Aaaaand, it’s important to realize that writing didn’t have much resemblance to how people spoke. That seems weird to us now, because we have an alphabet that’s designed to track the spoken word as closely as possible. The best way I can describe cuneiform is to compare it to coding, like for a website.

Here’s a very good post about scribes: https://allmesopotamia.wordpress.com/2015/06/26/the-lives-of-scribes-in-ancient-mesopotamia/
https://mesopotamia.mrdonn.org/cuneiform.html
http://www.mesopotamia.co.uk/writing/home_set.html
http://sumerianshakespeare.com/34101/index.html
Here’s a nice character design of a lady scribe by artist Beth Hobbs: https://www.artstation.com/artwork/qqwOn
https://www.facebook.com/RebusConcentrationPuzzles/

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Ideograms

This ideogram says “Turn right!”

ideo·​gram
1 : a picture or symbol used in a system of writing to represent a thing or an idea but not a particular word or phrase for it
especially : one that represents not the object pictured but some thing or idea that the object pictured is supposed to suggest
https://www.merriam-webster.com/dictionary/ideogram

Numbers are ideograms. They represent the idea of quantity or amount. Mathematical symbols are ideograms, too—‘+’ means added to, ‘-’ means subtracted from. Those are abstract ideas. The plus or minus sign doesn’t represent anything you can see or touch.

A red circle with a bar through it means ‘no’ or ‘not allowed.’ That’s an idea. If you put the red circle and bar across a picture of a cigarette or dog or a skateboard, you know those things aren’t allowed. The cigarette or dog or skateboard are pictograms. They represent something you can see or touch. The red circle and bar turn them into ideograms: the idea of something being forbidden.

I put these signs up in my house but it’s like the dogs don’t even see them

Skateboarding dog doesn’t care about ideograms

Can you think of any ideograms? You see them everywhere. They’re especially useful to communicate without needing to speak a particular language. Anyone at an international airport can find someplace to eat, a gender-appropriate potty, the baggage claim or a taxi thanks to pictograms and ideograms. Ideograms on the road tell a driver when to slow down, merge with other traffic, or stop. Do you see any ideograms at home? At school? On your computer?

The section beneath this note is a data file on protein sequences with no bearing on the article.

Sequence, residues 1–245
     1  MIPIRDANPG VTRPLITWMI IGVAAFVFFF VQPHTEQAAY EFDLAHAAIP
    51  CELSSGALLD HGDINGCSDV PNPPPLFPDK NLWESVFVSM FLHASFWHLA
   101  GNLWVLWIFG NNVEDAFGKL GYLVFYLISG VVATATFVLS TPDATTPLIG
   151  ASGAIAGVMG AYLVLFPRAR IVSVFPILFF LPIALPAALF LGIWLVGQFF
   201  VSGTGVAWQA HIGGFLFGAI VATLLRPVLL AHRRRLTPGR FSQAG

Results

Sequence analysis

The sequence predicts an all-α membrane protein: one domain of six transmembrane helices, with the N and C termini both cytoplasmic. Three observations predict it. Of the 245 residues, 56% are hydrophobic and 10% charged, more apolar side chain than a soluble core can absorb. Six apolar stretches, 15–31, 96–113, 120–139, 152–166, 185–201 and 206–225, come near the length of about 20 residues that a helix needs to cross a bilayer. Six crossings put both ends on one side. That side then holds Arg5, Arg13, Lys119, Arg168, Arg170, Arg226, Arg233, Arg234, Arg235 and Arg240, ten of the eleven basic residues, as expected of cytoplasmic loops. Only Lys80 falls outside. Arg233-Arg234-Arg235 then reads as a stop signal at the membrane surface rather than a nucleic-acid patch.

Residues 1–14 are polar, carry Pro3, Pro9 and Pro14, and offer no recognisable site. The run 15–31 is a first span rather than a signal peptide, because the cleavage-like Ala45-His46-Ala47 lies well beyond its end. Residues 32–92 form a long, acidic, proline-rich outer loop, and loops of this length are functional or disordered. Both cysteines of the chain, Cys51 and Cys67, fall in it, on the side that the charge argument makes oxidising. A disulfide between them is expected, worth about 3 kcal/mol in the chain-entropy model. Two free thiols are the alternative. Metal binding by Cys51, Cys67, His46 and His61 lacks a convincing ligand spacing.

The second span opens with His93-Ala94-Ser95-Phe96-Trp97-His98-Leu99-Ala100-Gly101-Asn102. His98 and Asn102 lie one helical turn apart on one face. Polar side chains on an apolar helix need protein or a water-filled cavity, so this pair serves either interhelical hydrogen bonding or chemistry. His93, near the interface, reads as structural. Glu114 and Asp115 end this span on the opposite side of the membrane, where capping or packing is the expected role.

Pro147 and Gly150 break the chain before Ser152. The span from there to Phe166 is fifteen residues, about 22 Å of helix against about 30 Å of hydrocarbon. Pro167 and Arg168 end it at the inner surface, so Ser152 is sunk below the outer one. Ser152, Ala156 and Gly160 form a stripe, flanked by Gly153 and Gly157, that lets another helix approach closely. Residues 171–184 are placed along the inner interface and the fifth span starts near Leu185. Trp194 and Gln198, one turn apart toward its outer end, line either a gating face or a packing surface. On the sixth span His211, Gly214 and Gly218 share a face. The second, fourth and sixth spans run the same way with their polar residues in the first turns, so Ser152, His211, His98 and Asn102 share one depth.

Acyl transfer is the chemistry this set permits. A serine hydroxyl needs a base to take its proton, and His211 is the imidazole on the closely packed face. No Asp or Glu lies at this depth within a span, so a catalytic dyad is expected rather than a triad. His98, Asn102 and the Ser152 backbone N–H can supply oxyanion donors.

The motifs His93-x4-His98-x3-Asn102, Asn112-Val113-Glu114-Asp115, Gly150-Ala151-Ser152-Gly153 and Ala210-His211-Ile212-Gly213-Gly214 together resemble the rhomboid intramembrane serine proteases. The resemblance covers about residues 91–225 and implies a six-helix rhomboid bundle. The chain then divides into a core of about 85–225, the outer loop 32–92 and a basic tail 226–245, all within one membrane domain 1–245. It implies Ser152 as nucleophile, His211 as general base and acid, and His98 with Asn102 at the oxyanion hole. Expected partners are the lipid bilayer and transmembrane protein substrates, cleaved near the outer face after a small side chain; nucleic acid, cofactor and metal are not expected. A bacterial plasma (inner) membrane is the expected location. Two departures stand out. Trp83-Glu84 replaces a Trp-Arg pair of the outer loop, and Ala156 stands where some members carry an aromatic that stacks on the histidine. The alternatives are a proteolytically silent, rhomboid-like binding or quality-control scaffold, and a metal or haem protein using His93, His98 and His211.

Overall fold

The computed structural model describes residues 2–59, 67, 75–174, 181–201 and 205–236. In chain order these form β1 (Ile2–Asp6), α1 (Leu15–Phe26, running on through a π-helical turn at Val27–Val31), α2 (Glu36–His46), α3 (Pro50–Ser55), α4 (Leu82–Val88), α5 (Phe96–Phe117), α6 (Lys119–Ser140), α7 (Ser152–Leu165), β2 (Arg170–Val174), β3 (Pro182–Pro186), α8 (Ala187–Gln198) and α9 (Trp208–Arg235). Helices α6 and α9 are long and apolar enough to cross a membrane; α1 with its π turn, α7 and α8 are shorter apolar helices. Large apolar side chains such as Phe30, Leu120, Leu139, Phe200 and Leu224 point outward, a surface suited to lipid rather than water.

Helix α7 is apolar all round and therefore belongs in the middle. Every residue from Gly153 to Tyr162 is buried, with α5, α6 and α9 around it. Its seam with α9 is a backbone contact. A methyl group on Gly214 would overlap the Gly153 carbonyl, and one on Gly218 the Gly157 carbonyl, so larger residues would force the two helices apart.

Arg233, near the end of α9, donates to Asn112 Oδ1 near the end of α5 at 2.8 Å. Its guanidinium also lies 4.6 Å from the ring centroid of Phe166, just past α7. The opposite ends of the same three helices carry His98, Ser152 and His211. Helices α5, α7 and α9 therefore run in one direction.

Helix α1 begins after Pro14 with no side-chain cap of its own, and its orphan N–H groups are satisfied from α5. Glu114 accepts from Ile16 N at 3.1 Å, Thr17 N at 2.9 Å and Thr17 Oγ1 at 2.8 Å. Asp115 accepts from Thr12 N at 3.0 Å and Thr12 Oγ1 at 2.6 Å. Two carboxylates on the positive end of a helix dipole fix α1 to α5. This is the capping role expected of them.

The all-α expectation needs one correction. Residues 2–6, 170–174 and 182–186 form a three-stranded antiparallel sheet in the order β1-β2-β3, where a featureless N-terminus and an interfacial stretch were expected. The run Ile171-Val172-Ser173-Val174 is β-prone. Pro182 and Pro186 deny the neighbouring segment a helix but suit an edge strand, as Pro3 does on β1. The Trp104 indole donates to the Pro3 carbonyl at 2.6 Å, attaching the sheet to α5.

https://penandthepad.com/types-imagery-poetry-19888.html (scroll down)

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Writing gets complicated

The Sumerians used a stylus to make symbols in soft clay. The symbols represented things they wanted to count, like stuff they were buying or selling. Think about sheaves of barley; poultry or livestock; pots of olive oil; baskets of dried fish. It was an accounting system for business. There were symbols for counting—numbers—and symbols to represent things—pictograms.

Over a long period of time, though, these symbols developed into a writing system that could record things people say. New meanings were introduced. Sometimes a symbol represented an idea—that’s called an ideogram. For instance, a symbol that looks like the sun may represent the sun (pictogram), or maybe a day or noon or the passage of time (ideogram). A foot symbol might mean a foot (pictogram), or walking or running or a distance (ideogram).

This writing system became pretty complicated. There were thousands of these symbols and more than one meaning for a lot of them. The ordinary shmoes who had used symbols to count their goods could no longer read or write in this system. You had to be trained to do it. You had to be a scribe.

https://saffroninteractive.com/a-brief-history-of-pictograms-and-ideograms/
https://www.thoughtco.com/what-is-an-ideogram-1691050
https://www.historyofvisualcommunication.com/02-ideograms

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Stylin’ with the stylus

You hold it like a pencil.

The Sumerians didn’t have pencils to write with. Instead, they took a dry reed, stiff as a stick, and cut the end off at a 90° angle. Using a knife or by sanding it, they made the end of the reed rectangular. The corners needed to be sharp! They used the corners and the edges of the stylus to press triangles and lines into a soft clay tablet. This style of writing is called cuneiform (koo-NAY-i-form), from Latin words that mean triangle (cune-) and shape (form). The writing tool is called a stylus (STY-loos), plural styli (STY-lee).

http://writingcuneiform.blogspot.com/2012/10/2-making-stylus.html
http://writingcuneiform.blogspot.com/2012/10/5-making-basic-wedges.html

By the way, up until I researched this post I thought that the reed’s cross-section was triangular. Can you see how red my face is? Research, gang. You’re never too old to learn!